The next big step is planning the actual project. You’ve done the research, and you’ve spoken to your stakeholders, clients, and everyone else. Now you need to plan your project, basically to plan how you will accomplish the objectives. This involves how many people will be needed to develop the website, what are your resources, and how to distribute your budget effectively. If this is done in-house, decide what activity is done by which department and take note. If you’re outsourcing certain activities, specify what and when they will deliver their part. Don’t forget to write down a list of features in priority divided into the following segments: must-have, okay to have, and nice to have. Having this list, as with this list, will keep you in check throughout the development process. Estimate the time and budget of this project and make sure your key stakeholders agree with your plan.
Align your team
After you have your plan, talk to your team! They are the ones who will be working hands-on with developing the project, and you are to oversee the result! Ensure everyone knows the timeline and what is expected of them. Get them to all look in the same direction and focus on the same goal. Be transparent with them to boost trust and connection.
Get your team on the same page on the start and end dates, frequency of reporting and meetings, and so on. If there is a team management platform, have your team learn to use it fluently and update their process through that.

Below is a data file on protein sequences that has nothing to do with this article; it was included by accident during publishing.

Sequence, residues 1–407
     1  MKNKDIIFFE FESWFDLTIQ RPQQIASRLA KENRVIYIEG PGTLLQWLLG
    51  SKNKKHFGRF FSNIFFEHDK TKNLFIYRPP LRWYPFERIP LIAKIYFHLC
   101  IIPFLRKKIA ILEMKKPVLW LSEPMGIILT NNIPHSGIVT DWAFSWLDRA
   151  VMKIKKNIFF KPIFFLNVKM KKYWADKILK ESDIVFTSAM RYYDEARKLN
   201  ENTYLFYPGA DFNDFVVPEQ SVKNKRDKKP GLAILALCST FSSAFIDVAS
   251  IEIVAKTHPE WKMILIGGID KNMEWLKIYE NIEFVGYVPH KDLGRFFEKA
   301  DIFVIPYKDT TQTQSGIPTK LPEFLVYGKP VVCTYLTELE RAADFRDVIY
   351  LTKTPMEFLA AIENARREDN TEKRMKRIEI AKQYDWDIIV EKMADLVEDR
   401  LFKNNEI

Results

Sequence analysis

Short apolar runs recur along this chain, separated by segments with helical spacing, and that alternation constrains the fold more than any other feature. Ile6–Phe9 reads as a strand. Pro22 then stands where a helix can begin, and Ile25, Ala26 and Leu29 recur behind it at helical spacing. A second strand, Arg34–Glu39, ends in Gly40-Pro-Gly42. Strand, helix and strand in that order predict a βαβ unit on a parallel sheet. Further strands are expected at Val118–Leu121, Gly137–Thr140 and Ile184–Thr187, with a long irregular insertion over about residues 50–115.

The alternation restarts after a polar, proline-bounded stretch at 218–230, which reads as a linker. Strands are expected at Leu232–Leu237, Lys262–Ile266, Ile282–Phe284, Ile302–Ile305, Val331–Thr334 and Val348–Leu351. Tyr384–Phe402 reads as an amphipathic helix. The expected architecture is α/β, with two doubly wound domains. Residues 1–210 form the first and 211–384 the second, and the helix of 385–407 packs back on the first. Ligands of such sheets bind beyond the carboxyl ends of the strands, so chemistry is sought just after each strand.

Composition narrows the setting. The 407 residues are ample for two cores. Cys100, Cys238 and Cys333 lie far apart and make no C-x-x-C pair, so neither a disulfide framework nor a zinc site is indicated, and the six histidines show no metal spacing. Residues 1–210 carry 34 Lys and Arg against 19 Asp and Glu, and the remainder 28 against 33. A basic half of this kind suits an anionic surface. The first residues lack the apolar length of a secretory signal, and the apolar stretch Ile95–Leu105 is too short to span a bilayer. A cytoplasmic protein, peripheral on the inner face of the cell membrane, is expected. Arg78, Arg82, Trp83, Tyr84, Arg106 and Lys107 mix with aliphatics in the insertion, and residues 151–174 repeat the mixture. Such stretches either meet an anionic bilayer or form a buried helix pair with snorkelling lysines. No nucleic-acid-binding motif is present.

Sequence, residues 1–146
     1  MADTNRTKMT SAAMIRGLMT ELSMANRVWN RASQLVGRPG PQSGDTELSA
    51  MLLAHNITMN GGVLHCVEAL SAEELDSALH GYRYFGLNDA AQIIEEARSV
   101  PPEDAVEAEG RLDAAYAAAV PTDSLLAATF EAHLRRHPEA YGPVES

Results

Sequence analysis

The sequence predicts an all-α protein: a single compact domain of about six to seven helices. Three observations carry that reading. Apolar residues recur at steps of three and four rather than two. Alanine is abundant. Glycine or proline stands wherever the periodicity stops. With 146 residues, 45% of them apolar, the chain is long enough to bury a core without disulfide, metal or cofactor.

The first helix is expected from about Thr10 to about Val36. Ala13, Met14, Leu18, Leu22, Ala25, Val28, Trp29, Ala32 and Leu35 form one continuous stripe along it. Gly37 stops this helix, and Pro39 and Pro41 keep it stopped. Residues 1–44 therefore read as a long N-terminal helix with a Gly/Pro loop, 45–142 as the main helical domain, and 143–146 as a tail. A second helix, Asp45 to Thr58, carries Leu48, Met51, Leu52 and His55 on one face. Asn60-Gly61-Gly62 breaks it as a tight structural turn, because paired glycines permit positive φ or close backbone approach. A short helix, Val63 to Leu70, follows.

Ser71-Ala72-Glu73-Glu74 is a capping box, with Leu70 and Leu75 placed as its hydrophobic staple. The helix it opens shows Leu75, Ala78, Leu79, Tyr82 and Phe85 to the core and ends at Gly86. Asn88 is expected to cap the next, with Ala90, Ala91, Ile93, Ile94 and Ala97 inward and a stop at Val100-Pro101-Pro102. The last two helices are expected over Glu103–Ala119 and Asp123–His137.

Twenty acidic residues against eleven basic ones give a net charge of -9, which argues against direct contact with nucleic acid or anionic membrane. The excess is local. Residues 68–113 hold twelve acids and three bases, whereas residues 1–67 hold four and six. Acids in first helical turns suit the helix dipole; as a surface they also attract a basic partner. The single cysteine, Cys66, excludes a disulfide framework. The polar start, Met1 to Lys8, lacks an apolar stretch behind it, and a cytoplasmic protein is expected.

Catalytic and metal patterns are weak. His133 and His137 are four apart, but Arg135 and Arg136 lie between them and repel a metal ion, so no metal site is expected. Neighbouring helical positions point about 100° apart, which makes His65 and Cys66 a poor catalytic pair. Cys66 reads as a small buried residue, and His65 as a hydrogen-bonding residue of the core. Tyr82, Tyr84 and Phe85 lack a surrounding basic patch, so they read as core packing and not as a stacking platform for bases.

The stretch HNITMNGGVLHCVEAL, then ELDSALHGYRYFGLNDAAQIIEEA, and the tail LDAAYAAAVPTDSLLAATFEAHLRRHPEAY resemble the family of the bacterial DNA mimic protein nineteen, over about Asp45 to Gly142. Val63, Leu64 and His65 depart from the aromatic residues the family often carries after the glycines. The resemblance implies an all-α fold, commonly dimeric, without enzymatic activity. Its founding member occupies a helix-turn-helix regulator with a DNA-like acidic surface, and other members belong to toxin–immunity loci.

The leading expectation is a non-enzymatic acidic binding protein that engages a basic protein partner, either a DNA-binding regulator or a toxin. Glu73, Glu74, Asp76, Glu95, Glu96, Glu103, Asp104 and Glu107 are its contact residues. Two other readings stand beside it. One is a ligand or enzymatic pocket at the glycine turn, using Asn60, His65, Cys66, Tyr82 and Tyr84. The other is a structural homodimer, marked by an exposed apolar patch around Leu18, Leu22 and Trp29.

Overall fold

Choose the methodology
There are many types of project management methodologies to choose from when taking over a big one like web development. At Dirox, our team of professionals finds it most effective to use the AGILE methodology but every other management approach has its benefits too! As a project manager, choosing an approach and sticking to it is essential to complete the project effectively. Let’s go over a few methodologies and figure out what fits you and your team best!
Agile emphasizes flexibility. As with most projects, the process is unpredictable and is likely to change before a total completion. If the stakeholder and client don’t have a clear, exact sense of what the result looks like, this is the method to go with! We go in-depth about AGILE methodology in this article with its history, comparisons, and examples.